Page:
We all have a secret self, parts of our personalities that are unknowable, even to the people closest to us. In A SEPARATION, Kitamura stays largely inside the narrator's head, musing on a great many things: the muddled truth that can exist between married couples, the precise pain of infidelity, the myriad tiny betrayals we commit every day. Her prose is perfect: spare and beautiful, and her observations are spot-on. Some of her sentences were so good they startled me out of the story, which might sound like a bad thing, but it really isn't. It just meant I spent a little longer with this book, my mind wandering like the narrator's.
I was initially drawn to this book because of my ghoulish affection for true crime books. But THE SPIDER AND THE FLY is miles away from the cheap paperbacks with tawdry covers that I usually pick up. This is a chronicle of an obsession with darkness by a writer laying herself bare. Claudia Rowe was a reporter in Poughkeepsie when a local man, Kendall Francois, was arrested for the grisly murders of eight women. The details of the case were exceptionally odd and Rowe managed to strike up an correspondence with Francois, playing the Clarice to his Hannibal. Besides the odd circumstances, what sets this book apart is the emotional depth. Rowe writes about how unhappy she was with her life as a younger woman, how she often felt lonely and adrift, how mortified she was by her inability to change her circumstances. She imagines that Francois often felt the same way, but tempers her empathy with moving portraits of the victims: women dismissed by the cops as drug addicts and unworthy of real search efforts. This is a book that lingers and shouldn't be missed!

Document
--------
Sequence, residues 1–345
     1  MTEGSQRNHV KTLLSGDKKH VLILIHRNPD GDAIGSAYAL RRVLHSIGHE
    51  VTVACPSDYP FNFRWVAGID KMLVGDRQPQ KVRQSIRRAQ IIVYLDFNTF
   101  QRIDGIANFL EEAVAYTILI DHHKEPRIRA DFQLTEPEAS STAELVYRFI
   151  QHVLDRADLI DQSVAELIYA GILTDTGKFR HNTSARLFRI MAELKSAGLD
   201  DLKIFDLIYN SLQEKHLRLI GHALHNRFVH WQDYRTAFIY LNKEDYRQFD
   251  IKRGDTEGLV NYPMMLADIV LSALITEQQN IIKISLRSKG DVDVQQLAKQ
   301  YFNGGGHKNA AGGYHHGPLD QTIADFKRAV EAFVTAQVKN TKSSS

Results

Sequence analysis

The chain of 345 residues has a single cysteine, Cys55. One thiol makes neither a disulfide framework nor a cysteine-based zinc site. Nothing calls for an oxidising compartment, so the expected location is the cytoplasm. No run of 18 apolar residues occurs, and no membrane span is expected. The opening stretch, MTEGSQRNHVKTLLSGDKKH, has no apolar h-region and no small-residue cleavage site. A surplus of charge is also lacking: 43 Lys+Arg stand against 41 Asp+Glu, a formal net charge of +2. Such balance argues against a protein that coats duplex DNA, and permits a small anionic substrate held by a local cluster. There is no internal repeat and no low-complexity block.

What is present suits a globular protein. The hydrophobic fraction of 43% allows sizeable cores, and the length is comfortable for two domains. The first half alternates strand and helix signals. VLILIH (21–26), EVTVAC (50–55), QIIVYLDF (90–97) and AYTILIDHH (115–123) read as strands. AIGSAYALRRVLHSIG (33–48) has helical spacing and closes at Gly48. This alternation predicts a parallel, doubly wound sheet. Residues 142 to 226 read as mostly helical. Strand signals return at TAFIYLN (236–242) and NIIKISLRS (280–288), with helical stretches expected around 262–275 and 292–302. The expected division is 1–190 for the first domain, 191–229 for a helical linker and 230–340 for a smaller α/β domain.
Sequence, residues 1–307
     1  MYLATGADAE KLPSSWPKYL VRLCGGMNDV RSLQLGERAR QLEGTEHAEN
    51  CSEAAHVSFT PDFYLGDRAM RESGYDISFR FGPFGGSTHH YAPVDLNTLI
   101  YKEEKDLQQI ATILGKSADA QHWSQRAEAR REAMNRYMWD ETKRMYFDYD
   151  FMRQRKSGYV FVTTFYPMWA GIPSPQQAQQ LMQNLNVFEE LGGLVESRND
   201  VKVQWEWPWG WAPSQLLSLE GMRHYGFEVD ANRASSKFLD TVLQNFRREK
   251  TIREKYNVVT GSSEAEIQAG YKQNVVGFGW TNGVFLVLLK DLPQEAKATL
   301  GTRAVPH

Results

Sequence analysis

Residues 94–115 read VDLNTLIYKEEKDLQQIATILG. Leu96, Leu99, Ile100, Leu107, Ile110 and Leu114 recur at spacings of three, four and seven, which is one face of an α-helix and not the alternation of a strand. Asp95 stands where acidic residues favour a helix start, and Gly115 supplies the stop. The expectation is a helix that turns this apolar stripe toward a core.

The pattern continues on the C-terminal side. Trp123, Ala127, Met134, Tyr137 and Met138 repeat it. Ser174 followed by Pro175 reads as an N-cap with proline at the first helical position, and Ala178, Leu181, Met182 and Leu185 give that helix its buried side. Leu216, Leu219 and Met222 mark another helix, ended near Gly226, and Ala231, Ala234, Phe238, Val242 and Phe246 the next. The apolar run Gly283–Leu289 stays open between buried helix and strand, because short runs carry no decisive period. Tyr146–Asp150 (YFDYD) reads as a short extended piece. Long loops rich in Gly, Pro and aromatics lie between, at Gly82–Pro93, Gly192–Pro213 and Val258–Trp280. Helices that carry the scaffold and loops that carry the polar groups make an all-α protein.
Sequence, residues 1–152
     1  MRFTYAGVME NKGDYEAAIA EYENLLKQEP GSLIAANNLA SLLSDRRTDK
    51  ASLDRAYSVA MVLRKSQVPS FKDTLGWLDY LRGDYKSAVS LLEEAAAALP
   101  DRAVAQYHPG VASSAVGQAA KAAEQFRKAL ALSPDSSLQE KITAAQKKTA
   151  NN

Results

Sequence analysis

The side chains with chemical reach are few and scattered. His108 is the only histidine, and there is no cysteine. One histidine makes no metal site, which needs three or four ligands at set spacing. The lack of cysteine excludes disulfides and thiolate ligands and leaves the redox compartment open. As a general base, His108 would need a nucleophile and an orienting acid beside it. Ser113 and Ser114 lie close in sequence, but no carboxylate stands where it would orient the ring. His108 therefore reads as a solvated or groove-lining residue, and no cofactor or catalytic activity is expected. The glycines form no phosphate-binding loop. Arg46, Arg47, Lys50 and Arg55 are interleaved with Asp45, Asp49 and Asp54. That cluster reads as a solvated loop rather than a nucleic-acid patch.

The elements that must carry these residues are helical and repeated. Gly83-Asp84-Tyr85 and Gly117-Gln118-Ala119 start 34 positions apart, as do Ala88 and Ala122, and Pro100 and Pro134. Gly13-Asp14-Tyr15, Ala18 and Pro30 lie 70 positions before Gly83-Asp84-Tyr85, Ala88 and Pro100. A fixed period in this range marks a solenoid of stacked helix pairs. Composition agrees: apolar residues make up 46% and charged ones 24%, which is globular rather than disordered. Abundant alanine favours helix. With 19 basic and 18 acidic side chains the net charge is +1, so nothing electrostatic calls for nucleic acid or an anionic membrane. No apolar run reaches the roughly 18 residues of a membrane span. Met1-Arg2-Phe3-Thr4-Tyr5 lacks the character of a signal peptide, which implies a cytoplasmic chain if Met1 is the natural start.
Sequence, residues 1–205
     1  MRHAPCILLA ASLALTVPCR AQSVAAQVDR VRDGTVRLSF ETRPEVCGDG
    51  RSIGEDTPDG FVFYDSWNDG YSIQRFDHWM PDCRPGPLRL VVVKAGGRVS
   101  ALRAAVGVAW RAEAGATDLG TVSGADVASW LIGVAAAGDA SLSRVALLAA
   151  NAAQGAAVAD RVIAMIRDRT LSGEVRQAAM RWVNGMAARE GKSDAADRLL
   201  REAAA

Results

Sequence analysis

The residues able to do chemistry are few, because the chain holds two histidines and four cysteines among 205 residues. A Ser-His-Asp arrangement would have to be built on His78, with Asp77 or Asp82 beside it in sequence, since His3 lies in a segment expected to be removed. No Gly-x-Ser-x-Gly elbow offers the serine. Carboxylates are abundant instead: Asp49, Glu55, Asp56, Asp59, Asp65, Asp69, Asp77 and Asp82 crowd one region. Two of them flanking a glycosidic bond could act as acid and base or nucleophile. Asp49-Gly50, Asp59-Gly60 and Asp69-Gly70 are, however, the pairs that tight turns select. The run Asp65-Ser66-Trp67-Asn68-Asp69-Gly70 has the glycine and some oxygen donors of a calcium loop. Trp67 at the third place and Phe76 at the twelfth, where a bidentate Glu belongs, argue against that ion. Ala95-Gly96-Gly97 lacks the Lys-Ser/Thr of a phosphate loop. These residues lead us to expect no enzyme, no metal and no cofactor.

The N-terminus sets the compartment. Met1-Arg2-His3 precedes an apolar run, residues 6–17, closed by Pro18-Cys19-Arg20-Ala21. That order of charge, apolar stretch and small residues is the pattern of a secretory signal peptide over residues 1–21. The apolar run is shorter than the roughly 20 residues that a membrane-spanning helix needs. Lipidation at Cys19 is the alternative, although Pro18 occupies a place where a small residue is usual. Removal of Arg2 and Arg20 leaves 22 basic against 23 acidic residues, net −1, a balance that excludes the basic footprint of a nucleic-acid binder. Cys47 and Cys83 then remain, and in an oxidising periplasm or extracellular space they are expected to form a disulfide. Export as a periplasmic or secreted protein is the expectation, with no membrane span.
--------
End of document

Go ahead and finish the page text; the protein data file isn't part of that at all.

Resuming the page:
She started out with nothing, a prostitute who began turning tricks in her early teens. But by the time she was in her early 20's, she was one of the most famous, talked-about women in all of Paris. It sounds like a fairy tale or a Regency romance, but it is absolutely true. Comtesse Valtesse de la Bigne was witty, beautiful, and calculating: she managed to create the life she wanted through sheer force of will. In an era where a woman couldn't even have a bank account without her husband's permission, Valtesse amassed a large fortune, countless works of art, and the respect of Paris' high society. Hewitt does a fantastic job making 19th century Paris come alive through small details: the smell of gaslights, the pinch of a courtesan's stay, all the trappings of luxury the upper class enjoyed. Valtesse was a fierce, smart woman and she deserves to be remembered!